In the meeting, the official said, it was decided that diplomatic efforts would also be initiated to convince Iran that Pakistan was quite serious about the project and would persuade the authorities not to seek a penalty in case Pakistan fails to meet the deadline of February-March 2024.

They said the country will be trying to get a waiver or relief from the US on the sanctions imposed on Iran. 

“Now there are only US sanctions left as the UN curbs are no longer there on Iran for its nuclear programme,” the official said. 

“Pakistan is an energy-starved country and it needs relief from the US sanctions so that it can erect the pipeline to ensure sustainable gas availability.”

Iran says the US sanctions are illegal. Experts say sanctions do not bar the construction of the pipeline, but only on gas flows from Iran. India also got a US waiver and has been getting crude oil from Iran since a long time.


Gold rate declines for second consecutive day




  • Rate of gold reaches Rs232,800 per tola. 
  • International rate up by $11 per ounce. 
  • The silver price remains unchanged. 

Despite an increase in the international rate, gold’s value declined in Pakistan for the second consecutive day Tuesday.

Data provided by the All Pakistan Sarafa Gems and Jewellers Association (APSGJA) showed the price of gold (24 carats) decreased by Rs1,700 per tola and Rs1,458 per 10 grams to reach Rs232,800 and Rs199,588, respectively.

The gold rate cumulatively lost Rs1,100 per tola last week, and a further Rs1,700 on the opening day this week.

Meanwhile, the international price went up $11 to settle at $1,956 per ounce. 

The safe-haven bullion’s value has remained volatile in the international market recently. However, it bounced back from its lowest level in over two months Tuesday after the US dollar’s value declined from a high and investors remained anxious about negotiations on the US debt ceiling.

If the debt ceiling — which is currently capped at $31.4 trillion — is not raised in the next few days, it would trigger the first-ever US default.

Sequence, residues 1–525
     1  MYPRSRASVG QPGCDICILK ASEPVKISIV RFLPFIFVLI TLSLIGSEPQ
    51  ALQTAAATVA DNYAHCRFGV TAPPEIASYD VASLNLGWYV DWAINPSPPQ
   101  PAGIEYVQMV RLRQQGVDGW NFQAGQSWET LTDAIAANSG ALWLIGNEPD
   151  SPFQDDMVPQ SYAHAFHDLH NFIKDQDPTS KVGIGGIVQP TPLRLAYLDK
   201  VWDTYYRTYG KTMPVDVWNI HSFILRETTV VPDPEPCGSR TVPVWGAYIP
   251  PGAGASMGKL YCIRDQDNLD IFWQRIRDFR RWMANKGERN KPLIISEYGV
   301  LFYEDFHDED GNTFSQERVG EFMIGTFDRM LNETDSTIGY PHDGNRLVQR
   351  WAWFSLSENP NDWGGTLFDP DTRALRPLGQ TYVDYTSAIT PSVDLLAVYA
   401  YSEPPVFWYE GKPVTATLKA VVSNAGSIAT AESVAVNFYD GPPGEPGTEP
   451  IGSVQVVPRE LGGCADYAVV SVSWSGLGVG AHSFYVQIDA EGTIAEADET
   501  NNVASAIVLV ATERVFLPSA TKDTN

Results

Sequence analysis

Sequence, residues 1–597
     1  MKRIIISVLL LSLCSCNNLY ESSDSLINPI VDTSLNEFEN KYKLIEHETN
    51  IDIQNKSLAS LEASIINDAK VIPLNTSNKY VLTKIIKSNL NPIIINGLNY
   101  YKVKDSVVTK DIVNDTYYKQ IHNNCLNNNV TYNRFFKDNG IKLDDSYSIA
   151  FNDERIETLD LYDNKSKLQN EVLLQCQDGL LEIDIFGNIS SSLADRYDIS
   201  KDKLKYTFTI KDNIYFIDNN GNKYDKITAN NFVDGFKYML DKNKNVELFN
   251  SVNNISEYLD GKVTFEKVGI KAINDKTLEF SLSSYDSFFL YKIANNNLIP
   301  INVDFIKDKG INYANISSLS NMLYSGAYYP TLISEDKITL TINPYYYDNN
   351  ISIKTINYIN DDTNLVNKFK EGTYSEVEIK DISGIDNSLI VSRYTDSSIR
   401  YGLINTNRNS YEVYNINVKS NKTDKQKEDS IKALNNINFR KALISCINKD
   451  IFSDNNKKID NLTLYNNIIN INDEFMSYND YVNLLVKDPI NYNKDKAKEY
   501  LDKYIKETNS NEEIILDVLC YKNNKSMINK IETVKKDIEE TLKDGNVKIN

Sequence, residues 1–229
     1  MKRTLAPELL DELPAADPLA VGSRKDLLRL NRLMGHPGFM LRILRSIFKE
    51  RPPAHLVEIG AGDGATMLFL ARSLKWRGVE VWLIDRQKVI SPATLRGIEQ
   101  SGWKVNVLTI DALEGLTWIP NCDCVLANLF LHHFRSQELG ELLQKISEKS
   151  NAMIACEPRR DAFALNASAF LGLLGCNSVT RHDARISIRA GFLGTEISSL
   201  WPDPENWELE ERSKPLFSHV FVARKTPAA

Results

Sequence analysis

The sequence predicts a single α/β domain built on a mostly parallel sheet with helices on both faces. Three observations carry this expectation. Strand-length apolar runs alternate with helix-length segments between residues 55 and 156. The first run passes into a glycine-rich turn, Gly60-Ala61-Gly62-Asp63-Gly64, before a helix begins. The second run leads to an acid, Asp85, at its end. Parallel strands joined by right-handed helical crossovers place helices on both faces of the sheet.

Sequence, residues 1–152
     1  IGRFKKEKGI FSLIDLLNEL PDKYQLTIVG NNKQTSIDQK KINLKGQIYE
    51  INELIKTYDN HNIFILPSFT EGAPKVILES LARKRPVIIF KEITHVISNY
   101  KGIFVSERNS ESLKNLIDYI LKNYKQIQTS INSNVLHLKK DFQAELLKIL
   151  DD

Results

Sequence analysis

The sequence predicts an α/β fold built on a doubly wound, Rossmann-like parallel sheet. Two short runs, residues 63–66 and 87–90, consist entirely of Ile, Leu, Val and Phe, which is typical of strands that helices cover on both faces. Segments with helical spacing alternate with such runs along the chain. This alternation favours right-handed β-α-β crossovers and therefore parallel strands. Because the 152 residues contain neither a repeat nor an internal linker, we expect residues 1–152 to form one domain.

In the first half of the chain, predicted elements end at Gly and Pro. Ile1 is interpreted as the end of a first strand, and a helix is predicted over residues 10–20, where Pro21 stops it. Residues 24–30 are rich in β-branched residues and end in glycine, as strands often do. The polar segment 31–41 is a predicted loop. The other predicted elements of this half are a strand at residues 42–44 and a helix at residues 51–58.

Investors also remained wary about a possible hike in the interest rate, which would negatively affect gold’s value.

Meanwhile, the gold rate has been volatile in Pakistan recently amid continued political and economic uncertainty, high inflation, and currency depreciation. People prefer to buy the yellow metal in such times as a safe investment and a hedge.

The rupee gained Re0.07 or 0.02% against the US dollar in the interbank market Tuesday, closing at Rs285.35, according to State Bank of Pakistan data.

Data shared by the jeweller’s body showed that the rate of silver remained unchanged at Rs2,850 per tola and Rs2,443.41 per 20 grams, respectively. 

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France launching electric car battery factory to dent Chinese dominance




Under a plan of reindustrialisation by President Emmanuel Macron, France is to inaugurate a factory for manufacturing batteries for electric cars Tuesday in Billy-Berclau — the first of its kind — challenging the Chinese dominance in the industry, according to an AFP report.

Battery industry buildup is a component of the plan by Macron with a clutch of factories set to emerge in the north of the country over the next three years.

The “gigafactory” is owned by Automotive Cells Company, a partnership between French energy giant TotalEnergies, Germany’s Mercedes-Benz and US-European automaker Stellantis, which produces a range of brands including Peugeot, Fiat and Chrysler.

The inauguration will be attended by French Economy Minister Bruno Le Maire and the country’s energy transition and industry ministers along with German and Italian officials.

The heads of Mercedes, Stellantis and TotalEnergies will also be at the event.

The factory is as large as football pitches in which production will commence this summer.

Elected officials and business leaders intend to turn the Hauts-de-France region into “Battery Valley” — the electric car industry’s answer to Silicon Valley.